Delaware May Have Other Options With Sports Betting

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I'm still on my magical mystery tour of Vegas and last night I was hanging at the Mandalay Bay with two guys who have a vested interest in what happened in Delaware yesterday: Joe Brennan, chairman of the Interactive Media Entertainment and Gaming Association (IMEGA) and his lawyer, Eric Bernstein.

If there is a lawsuit to have any kind of anti-gambling legislation overturned, IMEGA is a part of it. Right now its case to have the Unlawful Internet Gaming Enforcement Act overturned is winding its way through the Third Circuit Court of Appeals, the same court that put the kibosh on Delaware's ambitious plans for single-game betting. And IMEGA is also a party in the case New Jersey state senator Ray Lesniak and Governor Jon Corzine brought against the DOJ to overturn the 1992 federal betting ban, also known as the Professional Amateur Sports Protection Act (PASPA).

Naturally, they were shocked by the decision of the Third Circuit's three-judge panel yesterday, as most legal experts have been.

Jeffrey Standen is a sports gambling law expert and professor at Willamette University in Salem. He e-mailed me this comment, which he had written in his blog, The Sports Law Professor, after the decision was announced: "For a federal court to intervene so strong at this stage, and most notably against the wishes of a sovereign state, threatens the latitude that underlies the delicate federal-state balance. And it's also a bad way to make law."

To recap, the four major leagues and the NCAA sued Delaware, which is exempt from PASPA because it had allowed for sports parlay bets in the mid-1970s, prior to the 1992 ban. But the leagues claimed the state's plans to allow single-game betting violated its PASPA exemption, which only allowed for parlays. A federal judge had denied the leagues' request for a preliminary injunction to stop Delaware, and the leagues then appealed to the Third Circuit.

It wasn't just that the trio of judges -- who make up a sliver of the entire Third Circuit bench -- sided with the leagues. It was that they went beyond what they were being asked to do and basically issued a summary judgment, eliminating the need for the scheduled December trial in federal court. The leagues won the race before the gun was sounded.

"The arguments were scheduled for 30 minutes a side, which is a lot for the Third Circuit," said Bernstein, who argued in front of the court just a couple weeks ago. "But both sides got an hour. Clearly the judges were looking for one of the parties to say something that made them feel strongly one way or the other."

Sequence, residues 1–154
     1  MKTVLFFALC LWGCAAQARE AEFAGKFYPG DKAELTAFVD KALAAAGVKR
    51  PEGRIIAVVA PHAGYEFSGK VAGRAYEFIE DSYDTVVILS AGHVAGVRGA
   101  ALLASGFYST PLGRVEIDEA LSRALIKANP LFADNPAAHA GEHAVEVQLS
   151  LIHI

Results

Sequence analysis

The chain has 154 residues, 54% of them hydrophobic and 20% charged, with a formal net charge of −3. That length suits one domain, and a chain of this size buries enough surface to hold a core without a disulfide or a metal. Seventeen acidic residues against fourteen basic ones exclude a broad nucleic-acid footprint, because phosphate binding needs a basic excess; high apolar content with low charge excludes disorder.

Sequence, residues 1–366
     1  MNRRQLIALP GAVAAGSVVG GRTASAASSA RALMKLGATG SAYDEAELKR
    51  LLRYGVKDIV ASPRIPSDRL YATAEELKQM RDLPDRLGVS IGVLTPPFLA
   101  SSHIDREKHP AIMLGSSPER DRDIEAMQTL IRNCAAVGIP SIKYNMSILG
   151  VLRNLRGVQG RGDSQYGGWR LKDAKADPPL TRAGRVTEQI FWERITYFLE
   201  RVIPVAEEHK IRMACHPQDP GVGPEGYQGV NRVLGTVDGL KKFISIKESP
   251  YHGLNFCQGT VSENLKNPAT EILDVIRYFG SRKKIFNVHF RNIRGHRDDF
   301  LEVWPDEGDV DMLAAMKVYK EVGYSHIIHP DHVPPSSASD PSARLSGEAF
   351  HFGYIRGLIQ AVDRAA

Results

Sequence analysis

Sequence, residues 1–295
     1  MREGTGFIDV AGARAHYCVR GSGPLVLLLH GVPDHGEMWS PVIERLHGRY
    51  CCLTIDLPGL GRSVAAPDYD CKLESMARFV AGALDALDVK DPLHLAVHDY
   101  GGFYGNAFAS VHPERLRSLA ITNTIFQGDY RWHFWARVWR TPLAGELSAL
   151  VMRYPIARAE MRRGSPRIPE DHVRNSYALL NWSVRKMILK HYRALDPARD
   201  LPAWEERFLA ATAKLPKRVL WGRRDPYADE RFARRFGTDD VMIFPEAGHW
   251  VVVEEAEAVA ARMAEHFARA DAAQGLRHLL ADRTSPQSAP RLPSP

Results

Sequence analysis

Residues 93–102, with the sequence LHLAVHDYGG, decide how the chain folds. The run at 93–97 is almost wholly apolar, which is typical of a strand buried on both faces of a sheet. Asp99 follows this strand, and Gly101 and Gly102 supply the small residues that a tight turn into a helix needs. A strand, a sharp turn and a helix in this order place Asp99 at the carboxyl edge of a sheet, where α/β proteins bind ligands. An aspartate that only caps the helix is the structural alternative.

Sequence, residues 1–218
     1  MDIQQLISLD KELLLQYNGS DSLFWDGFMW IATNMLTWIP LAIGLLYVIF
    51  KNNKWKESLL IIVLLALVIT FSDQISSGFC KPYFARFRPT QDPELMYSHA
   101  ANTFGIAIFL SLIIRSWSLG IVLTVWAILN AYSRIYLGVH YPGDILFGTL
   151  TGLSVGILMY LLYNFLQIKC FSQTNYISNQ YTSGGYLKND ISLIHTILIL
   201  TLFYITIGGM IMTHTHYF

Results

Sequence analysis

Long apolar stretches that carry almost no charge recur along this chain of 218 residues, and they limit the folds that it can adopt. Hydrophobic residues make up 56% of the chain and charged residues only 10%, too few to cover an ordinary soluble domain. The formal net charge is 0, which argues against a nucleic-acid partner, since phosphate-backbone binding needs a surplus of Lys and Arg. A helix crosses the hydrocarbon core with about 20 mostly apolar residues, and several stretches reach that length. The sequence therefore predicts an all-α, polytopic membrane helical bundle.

And the folks in Delaware -- in the governor's office, at the tracks where sports books are being built and the bookmakers who were planning to run the games -- were blindsided by the outcome.

"Obviously I am disappointed with the court's decision," Delaware Governor Jack Markell said yesterday. "Nevertheless, the state still has the legal authority to offer a sports lottery of parlays."

Delaware now has a few options for keeping this case alive: It can ask the entire Third Circuit Court to hear the case. But the pitfall is that the three-judge panel that heard the case was unanimous in its decision that Delaware's single-game betting plan violated PASPA. It's unlikely the entire slate is going to feel differently than the panel did.

The second, more drastic option, is making an appeal to the US Supreme Court Justice who oversees the Third District and asking for a stay of the Third Circuit's decision pending a look from the highest court in the land.

At some point, and Delaware may have reached it, the state has to decide when to cut bait and take what it's been given. If it continues to appeal and lose, then the option for single-game betting action is closed forever. Right now, it can regroup, take NFL parlays for a season, make some money and figure out another way to attack this problem down the road. Also, for a state drowning in red ink, the governor has to ask himself how much of an appetite his constituents have for a prolonged legal battle that has already cost Delaware a hefty sum in legal fees for outside counsel.

That last point is something the NFL, at least, had been counting on to keep New Jersey from filing its own federal lawsuit against PASPA. One high-level gaming exec recently told me that he had a conversation with a big-time boss in the NFL in March, when Lesniak first threatened to file his case. The casino exec asked the NFL boss what he thought of the possibility and the response was, "It'll never happen. New Jersey doesn't have the money to chase a lawsuit like that."

But IMEGA does. And now Brennan and Bernstein are hoping Delaware considers a third option: Join them and New Jersey in the fight to have PASPA overturned. "It's something we've asked them to consider in the past," Brennan said.

Delaware resisted the idea, obviously preferring to go it alone and potentially have a monopoly on single-game betting east of the Mississippi. But IMEGA's and New Jersey's case is now the next best chance for advocates of legalized sports betting.


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